Wednesday, October 14, 2009

Filtering of Web Content by Internet Service Providers

The ACS has released the report "Thechnical Observations of ISP Based Filtering of the Internet" (12 October 2009). This discusses how well filtering of web content works, rather than the political or ethical issues of if it should be filtered. Some of these are discussed in my ABC Radio talk "Filtering Porn on the Internet:Imperfect by Necessity". The ACS report is 22 pages (300 kBytes of PDF), but the findings are summarised in a media release "ACS ISP Filtering Report: No Silver Bullet".
The ISP Filtering Report highlights the current challenges associated with filtering or blocking of internet content, which include:
  • Lack of a clear definition of the types of content that are subject to filtering
  • Limitations of automated techniques for analysing video, pictorial and audio content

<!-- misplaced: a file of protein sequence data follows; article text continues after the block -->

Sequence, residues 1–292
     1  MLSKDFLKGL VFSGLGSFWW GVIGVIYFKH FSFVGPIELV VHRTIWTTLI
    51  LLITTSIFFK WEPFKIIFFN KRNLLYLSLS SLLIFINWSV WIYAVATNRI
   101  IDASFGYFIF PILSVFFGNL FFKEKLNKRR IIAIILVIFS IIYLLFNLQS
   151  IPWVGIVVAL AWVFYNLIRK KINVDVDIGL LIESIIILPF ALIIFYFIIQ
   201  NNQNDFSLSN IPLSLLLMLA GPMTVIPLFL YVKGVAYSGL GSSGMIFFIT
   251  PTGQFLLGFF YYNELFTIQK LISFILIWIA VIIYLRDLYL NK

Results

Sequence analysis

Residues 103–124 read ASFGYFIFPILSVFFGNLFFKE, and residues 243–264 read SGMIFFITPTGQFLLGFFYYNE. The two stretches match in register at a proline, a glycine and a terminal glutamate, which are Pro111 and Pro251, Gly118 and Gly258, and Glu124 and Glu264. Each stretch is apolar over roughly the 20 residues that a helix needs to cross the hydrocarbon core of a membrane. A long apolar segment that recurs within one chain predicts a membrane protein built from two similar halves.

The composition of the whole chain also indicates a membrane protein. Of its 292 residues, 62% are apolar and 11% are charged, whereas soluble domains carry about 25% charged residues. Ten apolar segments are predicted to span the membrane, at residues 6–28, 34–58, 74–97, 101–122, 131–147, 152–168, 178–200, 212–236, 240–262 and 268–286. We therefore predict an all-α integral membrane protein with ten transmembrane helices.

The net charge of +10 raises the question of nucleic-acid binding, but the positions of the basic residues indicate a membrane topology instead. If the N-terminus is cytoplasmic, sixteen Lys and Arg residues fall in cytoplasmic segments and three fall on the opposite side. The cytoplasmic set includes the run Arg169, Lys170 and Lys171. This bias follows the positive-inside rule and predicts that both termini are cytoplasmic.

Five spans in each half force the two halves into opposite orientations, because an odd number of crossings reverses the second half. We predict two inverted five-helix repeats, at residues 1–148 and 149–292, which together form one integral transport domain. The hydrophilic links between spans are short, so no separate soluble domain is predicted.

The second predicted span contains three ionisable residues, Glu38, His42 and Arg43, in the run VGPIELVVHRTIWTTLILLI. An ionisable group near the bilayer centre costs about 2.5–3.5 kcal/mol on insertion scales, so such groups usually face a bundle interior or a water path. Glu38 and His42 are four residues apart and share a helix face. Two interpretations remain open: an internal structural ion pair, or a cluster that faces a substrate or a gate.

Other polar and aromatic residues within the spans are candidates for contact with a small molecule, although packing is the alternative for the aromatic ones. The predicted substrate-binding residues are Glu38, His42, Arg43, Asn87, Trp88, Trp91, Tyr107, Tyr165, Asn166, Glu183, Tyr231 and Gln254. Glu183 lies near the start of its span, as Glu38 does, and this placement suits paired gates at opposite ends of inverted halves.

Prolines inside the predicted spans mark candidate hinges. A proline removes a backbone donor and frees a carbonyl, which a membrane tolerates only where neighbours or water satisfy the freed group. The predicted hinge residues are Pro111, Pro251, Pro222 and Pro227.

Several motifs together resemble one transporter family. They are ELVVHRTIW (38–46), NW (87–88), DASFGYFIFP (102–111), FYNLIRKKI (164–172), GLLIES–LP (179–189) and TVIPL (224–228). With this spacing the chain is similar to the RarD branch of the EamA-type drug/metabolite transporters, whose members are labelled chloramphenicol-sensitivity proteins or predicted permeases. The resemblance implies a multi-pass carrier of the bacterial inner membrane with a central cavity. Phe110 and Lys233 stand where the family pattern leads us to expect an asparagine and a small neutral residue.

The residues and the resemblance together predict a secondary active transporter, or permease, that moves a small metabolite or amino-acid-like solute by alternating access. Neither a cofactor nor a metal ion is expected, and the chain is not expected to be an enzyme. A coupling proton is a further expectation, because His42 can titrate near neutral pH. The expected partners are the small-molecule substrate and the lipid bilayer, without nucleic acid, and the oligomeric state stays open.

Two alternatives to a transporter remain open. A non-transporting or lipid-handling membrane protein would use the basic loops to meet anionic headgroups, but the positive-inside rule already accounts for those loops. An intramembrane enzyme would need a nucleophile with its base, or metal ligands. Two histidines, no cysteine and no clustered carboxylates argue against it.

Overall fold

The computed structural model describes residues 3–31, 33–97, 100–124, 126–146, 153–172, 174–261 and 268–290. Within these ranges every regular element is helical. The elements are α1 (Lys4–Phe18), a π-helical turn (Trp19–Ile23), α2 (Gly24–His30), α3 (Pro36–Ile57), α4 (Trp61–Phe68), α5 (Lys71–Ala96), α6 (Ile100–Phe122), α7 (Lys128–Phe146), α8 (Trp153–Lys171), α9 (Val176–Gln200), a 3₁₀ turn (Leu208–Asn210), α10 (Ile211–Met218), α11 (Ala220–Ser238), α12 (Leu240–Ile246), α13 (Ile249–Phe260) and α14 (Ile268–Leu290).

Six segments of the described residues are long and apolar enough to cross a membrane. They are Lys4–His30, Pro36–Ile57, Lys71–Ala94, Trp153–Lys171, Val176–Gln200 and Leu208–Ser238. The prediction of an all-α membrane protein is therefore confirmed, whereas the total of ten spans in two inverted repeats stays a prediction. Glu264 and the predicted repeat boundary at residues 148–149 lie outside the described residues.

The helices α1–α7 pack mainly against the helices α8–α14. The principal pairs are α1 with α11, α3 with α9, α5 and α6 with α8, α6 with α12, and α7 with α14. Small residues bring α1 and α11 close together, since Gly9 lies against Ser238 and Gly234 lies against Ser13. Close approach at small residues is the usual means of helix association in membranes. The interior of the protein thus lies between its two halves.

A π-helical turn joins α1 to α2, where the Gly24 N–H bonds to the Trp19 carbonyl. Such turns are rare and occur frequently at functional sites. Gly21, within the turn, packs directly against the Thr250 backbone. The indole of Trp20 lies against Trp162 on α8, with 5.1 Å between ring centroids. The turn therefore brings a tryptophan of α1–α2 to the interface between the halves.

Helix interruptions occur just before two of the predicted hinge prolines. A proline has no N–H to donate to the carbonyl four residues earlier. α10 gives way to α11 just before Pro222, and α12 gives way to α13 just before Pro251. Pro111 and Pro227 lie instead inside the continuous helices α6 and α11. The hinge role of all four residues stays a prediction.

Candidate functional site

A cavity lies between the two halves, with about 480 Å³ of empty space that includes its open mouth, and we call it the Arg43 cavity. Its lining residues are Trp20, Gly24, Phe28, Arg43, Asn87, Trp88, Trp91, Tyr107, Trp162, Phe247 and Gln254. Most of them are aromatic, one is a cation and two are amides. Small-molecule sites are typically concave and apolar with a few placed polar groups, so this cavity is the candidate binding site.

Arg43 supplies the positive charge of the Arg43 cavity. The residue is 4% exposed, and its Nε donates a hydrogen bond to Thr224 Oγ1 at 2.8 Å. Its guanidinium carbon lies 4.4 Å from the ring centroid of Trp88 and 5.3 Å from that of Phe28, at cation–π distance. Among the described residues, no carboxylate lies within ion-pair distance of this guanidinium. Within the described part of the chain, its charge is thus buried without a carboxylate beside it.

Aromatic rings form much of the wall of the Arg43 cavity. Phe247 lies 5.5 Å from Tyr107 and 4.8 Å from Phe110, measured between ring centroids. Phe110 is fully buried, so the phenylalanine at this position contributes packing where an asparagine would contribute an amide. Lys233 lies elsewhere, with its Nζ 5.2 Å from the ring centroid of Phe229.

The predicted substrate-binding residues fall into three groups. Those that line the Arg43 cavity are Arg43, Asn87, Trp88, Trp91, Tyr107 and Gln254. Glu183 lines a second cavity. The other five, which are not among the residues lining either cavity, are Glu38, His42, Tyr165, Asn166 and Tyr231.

• Need for clear and consistent criteria behind labelling and rating of content
  • Where filters are placed within the network architecture, there is an impact on network performance (efficiency, speed etc)
  • Avoiding ‘over blocking’ and ‘under blocking’ and achieving consistency in blocking of material
  • The rate at which new Internet-accessible content is being generated makes it difficult to maintain up-to-date black lists, white lists, keywords and phrases etc used by analysis algorithms
  • Effectively managing user-generated material, which is created ‘on the fly.’ The labelling/rating of these sites and content is practically impossible; and
  • How to deal with encrypted traffic and secure channels, as encryption impedes filtering....
The Taskforce makes the following recommendations for progressing the debate and some issues surrounding ISP filtering. These recommendations aim to reduce the likelihood of inadvertent exposure to illegal content on the Internet:
  1. Multi- faceted approach using filtering technologies to address the distribution of illegal material - A multi faceted approach is needed to address filtering out or blocking of illegal material on the Internet using filtering technologies at the ISP, user and enterprise levels. This includes increased professionalism and tighter controls around domain name registration, education at all levels of society and oversight by parents.